Thursday, May 15, 2014

Urbane Renewal at The New York Times

Dean Baquet was named Executive Editor of The New York Times yesterday, after Jill Abramson was fired.
Dean Baquet is an African-American, a Pulitzer Prize winning investigative reporter from a working class family in New Orleans. His father's Creole restaurant was boycotted after Mr. Baquet, the cub reporter, reported about legendary New Orleans corruption.
He won the Pulitzer in 1988 for exposing Chicago City Council corruption.
The first African-American Executive Editor of the Times, Dean Baquet was fired as editor of the Los Angeles Times in 2006 for First Amendment and union protected activity, refusing to fire hundreds of reporters. He stood on a desk after his firing, telling the newsroom staff, "We shall overcome."
We need more reporters and editors like him. Mr. Baquet never graduated college, having had so much fun investigating corruption in New Orleans that he never went back to Columbia University to complete his degree.
I can identify with all of that. I nearly didn't graduate college either and only did so because my mother insisted (I was the first in our family to graduate college). As Appalachian Observer editor, I needed to finish up three credit hours before I could start law school. Georgetown accepted my House of Representatives Science and Technology Committee Oversight and Investigations Subcommittee testimony before then-Rep. Al Gore on Oak Ridge mercury as independent study after I added footnotes.
Too many newsrooms are run by snobs.
Too many newsrooms are run by cognitive misers, unenlightened people who know not that they know not that they know not.
Too many newsrooms are run by clubby people of the sort former Associate Editor and Washington Bureau Chief Tom Wicker of the New York Times wrote about in his 1977 book, On Press, who never dare investigate locally predominant organizations, whether Big Tobacco in North Carolina or the Tourism Business in Florida.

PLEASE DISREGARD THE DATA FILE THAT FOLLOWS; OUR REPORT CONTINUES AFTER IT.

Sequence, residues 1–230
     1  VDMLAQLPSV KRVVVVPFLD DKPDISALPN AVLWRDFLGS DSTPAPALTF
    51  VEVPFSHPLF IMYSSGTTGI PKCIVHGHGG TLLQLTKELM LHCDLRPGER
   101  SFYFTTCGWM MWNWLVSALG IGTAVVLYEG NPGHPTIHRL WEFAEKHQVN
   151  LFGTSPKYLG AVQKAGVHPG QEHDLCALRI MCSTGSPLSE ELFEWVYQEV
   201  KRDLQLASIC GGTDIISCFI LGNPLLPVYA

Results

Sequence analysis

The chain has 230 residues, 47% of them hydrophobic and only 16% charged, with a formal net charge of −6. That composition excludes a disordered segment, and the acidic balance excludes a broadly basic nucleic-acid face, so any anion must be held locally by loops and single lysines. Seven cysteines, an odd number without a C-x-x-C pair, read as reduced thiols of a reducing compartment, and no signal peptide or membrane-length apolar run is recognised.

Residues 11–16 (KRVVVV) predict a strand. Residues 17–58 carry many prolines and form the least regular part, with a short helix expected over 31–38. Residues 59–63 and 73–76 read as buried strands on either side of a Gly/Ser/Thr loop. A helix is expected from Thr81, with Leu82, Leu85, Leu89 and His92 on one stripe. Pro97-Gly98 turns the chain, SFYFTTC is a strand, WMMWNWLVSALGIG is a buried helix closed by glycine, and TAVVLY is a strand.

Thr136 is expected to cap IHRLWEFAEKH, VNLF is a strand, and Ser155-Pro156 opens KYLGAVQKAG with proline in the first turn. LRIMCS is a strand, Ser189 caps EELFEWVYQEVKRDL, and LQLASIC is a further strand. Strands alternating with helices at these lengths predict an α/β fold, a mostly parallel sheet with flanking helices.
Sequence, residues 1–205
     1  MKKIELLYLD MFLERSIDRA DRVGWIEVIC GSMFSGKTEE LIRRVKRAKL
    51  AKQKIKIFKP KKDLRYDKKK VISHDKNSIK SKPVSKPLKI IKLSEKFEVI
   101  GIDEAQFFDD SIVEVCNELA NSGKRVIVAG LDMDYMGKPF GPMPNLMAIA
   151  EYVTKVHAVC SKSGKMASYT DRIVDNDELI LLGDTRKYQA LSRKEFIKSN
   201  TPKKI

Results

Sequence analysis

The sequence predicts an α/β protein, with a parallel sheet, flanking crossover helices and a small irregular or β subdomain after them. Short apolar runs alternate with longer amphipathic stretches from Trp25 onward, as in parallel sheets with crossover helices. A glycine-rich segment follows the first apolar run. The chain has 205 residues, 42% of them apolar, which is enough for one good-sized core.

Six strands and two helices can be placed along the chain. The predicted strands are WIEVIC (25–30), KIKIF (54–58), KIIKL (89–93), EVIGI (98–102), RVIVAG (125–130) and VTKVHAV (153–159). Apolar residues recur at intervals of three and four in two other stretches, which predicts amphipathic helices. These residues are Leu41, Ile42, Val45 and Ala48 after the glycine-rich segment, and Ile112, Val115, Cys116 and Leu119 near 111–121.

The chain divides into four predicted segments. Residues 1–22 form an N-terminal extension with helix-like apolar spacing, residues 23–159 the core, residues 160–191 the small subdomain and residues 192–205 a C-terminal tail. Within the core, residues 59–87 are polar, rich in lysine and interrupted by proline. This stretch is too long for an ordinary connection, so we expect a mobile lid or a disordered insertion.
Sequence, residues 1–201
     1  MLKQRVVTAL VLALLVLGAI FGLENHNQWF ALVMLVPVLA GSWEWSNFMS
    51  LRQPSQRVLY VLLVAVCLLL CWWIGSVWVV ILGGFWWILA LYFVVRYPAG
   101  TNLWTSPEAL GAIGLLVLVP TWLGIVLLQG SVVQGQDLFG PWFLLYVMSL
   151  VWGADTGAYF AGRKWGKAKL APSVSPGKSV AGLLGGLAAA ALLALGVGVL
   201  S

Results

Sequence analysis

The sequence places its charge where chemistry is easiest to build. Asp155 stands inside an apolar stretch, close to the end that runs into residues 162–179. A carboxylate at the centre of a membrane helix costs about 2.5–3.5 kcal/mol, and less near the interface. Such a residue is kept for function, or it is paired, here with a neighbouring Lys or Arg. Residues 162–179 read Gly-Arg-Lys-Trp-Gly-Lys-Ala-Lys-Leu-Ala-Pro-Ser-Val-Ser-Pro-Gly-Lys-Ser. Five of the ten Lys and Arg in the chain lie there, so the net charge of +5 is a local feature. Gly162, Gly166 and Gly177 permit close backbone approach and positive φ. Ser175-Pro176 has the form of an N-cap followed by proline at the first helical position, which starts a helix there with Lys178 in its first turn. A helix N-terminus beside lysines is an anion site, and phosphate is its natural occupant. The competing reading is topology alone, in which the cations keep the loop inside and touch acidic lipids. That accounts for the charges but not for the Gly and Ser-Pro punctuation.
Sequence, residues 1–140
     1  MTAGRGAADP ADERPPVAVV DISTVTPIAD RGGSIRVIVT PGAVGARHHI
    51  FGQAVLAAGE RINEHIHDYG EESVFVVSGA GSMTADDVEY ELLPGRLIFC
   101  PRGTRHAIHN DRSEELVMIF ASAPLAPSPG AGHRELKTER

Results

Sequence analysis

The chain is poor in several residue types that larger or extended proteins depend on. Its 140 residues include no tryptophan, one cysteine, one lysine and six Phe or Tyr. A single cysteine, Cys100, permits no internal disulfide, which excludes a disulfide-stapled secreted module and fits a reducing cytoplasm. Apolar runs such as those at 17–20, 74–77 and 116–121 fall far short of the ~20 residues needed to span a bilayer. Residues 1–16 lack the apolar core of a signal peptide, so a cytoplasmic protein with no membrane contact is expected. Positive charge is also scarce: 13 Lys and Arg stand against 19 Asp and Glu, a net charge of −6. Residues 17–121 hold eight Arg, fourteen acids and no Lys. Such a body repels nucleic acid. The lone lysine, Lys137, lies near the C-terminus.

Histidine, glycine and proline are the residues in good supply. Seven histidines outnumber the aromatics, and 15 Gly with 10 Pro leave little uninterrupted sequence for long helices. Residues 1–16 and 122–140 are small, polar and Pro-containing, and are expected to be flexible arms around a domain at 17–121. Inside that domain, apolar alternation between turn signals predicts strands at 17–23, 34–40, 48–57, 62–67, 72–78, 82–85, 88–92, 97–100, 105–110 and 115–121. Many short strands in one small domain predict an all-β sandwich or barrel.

Too many newsrooms are run by people who Always Cower to Power, as with former New York Times editor William Keller, who spiked articles about illegal spying on Americans until after the 2004 election, depriving Americans of our Right to Know in the name of national security, ignoring JFK's statement that the Times should have reported what it knew in 1961 on the Bay of Pigs invasion planning, thereby preventing a disaster.
Too many newsrooms are run by Chamber of Commerce members, Babbitts, all-too-comfortable people who think their readers want to read what they hear at the Rotary -- hacks and sad sacks who know too few facts and don't share enough of those they do know with "We, The People," their readers.
I am confident that The New York Times will continue investigating Florida political corruption, as evidenced by the front page article and four (4) inside pages on the Michelle O'Connell case, "Two Gunshots On A Summer Night" by Walt Bogdanich.
New York Times Executive Editor Dean Baquet should be interested in it stores about St. Augustine and Florida, e.g., primarily African-American residents of West Augustine paying more than A PREMIUM OF one million dollars a year EXTRA for water to subsidize the privileged Republican lifestyles of nearly all-white organizations like Northrop Grumman, Flagler College, Flagler Hospital, hotels, motels, restaurants, bars and laundries.
Three cheers for Dean Baquet for his leadership of the best newspaper in the world.

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